You brain-canker. You dicksore. You boil on the ass of all that is right and good.
The bill, Forbes adds, outlaws “credit-card and money-transfer companies from accepting payments to gambling websites.... Exceptions have been made for online horse wagering and state lotteries.”
It's no wonder Frist, a conservative Republican, had to backdoor this thing through Congress. He knew it would never withstand the scrutiny of public debate. The talking points are so obvious they're hardly worth mentioning:
Like what a huge step it is toward a Big Brotherocracy, since the banks are required to regulate credit-card transactions thereby turning bankers into-egads!-policemen.
Like that conservatives are supposed to reject excessive government intrusion.
Like that you're never gonna stop online gambling. Newer poker sites and banking sites have already figured ways around the law while the current sites that haven't are going under. Bottom line, Frist's bill is just a redistribution of the wealth-another ideal that is supposed to offend conservatives.
Like the glaring hypocrisy of exempting horse betting and state lotteries, especially when studies have shown lotteries to be among the most addictive forms of gambling. And isn't horse betting equally potentially harmful to the addicted, and the children?
Like that America has a long history of favoring one type of gambling over another, which means it's really not about gambling at all. It's about game preference.
Like that whatever it is, whatever activity or pastime you can think of, there is someone who might become addicted to it. I'd bet dollars to dog biscuits that somewhere out there, right now, someone is on a four-day knitting binge, strung out on Red Bull and blue yarn, not sleeping or eating.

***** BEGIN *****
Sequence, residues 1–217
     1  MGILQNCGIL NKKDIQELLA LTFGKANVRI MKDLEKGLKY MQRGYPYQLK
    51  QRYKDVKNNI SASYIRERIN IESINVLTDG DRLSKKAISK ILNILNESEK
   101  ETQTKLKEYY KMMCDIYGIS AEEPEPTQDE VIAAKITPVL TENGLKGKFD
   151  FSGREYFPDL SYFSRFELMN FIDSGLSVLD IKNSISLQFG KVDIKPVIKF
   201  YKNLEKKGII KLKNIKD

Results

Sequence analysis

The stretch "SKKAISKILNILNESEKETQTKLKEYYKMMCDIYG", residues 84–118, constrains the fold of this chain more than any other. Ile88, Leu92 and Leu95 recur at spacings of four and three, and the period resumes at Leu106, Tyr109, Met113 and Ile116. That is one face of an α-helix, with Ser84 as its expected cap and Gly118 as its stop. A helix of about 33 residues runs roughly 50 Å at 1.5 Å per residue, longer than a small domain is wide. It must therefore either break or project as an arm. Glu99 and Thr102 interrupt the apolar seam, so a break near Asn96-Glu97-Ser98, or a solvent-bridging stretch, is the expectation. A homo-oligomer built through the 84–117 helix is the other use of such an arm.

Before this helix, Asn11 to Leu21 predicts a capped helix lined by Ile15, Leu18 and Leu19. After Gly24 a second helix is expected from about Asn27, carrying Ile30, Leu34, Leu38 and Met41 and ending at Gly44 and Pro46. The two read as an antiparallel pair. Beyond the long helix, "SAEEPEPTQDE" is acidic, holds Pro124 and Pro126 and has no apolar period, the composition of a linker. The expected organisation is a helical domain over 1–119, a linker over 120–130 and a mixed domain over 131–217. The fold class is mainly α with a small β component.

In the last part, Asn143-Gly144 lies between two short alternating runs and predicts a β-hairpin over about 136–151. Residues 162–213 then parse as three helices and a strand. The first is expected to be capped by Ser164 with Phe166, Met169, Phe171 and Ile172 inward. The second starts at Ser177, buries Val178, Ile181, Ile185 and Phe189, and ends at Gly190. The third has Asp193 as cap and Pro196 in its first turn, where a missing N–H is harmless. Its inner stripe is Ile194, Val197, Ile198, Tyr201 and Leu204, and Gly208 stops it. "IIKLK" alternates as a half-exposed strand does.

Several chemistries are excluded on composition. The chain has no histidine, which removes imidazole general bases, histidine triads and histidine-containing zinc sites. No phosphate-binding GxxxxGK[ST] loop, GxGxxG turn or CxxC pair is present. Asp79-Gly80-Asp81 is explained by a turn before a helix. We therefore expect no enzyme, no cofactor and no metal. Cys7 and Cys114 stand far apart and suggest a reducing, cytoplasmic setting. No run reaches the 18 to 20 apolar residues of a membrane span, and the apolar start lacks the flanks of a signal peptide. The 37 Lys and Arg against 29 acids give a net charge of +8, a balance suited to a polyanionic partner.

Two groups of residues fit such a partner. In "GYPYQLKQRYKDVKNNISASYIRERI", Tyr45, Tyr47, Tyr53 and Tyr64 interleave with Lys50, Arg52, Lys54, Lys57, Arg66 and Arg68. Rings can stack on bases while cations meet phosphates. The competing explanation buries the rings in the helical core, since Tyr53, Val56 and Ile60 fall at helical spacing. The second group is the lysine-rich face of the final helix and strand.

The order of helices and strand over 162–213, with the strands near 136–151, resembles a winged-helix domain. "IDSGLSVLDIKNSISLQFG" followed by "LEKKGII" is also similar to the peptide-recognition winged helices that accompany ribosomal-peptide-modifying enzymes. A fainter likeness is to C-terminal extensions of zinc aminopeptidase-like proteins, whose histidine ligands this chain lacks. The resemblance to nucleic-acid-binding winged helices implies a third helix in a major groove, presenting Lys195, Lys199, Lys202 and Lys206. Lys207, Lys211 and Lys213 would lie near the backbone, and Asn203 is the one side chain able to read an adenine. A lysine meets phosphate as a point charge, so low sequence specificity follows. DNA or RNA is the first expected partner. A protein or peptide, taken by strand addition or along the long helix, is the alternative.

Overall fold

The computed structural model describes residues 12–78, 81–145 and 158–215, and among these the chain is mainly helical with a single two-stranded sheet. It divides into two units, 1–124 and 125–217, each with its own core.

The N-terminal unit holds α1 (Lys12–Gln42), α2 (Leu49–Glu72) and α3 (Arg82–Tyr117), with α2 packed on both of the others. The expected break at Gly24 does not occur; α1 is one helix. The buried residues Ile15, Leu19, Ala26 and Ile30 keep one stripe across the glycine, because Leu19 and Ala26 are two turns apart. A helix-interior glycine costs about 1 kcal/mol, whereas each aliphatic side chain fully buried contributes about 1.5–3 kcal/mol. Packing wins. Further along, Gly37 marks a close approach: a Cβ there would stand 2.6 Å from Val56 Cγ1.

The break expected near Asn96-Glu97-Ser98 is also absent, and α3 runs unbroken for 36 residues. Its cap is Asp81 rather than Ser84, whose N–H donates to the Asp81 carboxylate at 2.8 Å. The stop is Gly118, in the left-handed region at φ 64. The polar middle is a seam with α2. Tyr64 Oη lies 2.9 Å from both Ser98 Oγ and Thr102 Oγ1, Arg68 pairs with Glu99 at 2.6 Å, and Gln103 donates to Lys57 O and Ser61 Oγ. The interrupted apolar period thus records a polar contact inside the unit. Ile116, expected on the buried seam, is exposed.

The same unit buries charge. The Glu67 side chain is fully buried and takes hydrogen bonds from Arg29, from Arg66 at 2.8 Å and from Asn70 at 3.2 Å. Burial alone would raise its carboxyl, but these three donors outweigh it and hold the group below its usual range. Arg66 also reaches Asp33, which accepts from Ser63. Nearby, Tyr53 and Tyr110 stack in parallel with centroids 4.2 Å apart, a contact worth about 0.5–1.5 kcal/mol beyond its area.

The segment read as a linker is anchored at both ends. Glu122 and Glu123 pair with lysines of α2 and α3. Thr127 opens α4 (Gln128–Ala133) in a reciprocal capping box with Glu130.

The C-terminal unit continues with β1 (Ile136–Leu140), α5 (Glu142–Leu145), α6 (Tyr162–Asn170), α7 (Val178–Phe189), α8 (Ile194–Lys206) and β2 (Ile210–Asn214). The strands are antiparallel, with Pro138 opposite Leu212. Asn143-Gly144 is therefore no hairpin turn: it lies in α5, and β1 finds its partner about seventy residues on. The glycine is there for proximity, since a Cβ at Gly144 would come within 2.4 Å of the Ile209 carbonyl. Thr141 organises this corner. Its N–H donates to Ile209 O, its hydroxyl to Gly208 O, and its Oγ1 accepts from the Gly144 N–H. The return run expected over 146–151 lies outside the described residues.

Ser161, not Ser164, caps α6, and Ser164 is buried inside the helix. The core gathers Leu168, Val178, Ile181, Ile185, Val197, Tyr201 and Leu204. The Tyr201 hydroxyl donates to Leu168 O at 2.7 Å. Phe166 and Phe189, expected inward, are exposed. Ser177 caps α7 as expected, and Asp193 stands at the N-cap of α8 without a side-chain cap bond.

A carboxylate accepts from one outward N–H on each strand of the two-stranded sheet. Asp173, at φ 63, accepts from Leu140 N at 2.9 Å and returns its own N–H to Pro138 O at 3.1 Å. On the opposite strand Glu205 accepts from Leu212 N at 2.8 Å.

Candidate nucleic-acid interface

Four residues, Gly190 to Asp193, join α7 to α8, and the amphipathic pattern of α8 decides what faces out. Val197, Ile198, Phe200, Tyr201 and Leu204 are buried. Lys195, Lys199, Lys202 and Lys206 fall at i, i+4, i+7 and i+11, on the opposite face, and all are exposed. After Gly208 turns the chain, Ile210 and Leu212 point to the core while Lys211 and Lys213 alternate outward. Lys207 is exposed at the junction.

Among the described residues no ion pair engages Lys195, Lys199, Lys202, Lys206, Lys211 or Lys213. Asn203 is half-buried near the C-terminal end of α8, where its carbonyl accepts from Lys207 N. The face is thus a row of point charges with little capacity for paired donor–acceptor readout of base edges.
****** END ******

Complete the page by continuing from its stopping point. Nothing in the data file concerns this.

Like that anything can be potentially harmful. I'd bet Hummers to Hondas that somewhere out there, at this moment, somebody is accidentally plunging a knitting needle into some poor kid's eye.
Oh, the children!
Or like that it's all a gamble: horses, Lotto, the stock market, even opening a goddamned coffee shop is a crazy goddamned gamble.
Whether it's a gamble, addictive or potentially harmful, everything in the universe falls under one or two or all three of those categories, so we'd better start banning them: alcohol, caffeine, tobacco, the Internet, television, music, exercise, reading, swimming, flying, snowboarding, beer pong, eating, rowing, fucking, performing rescue operations, running, walking, skipping, singing, jumping, drinking, not drinking, working, not working, trick or treating, chess (yes chess), candy, French fries, wine, flipping baseball cards, operating a lemonade stand, disc golf, playing football, watching football, telling lies, telling the truth, driving, biking, sailing, writing, climbing, fishing-I can go on. I've got time. I've got space.
Reminder: Barzilla Book Release Party on Nov. 15 @ Winston's, 1921 Bacon St., Ocean Beach, 619-222-3802. E-mail ed@edwin
decker.com and editor@SDcitybeat.com.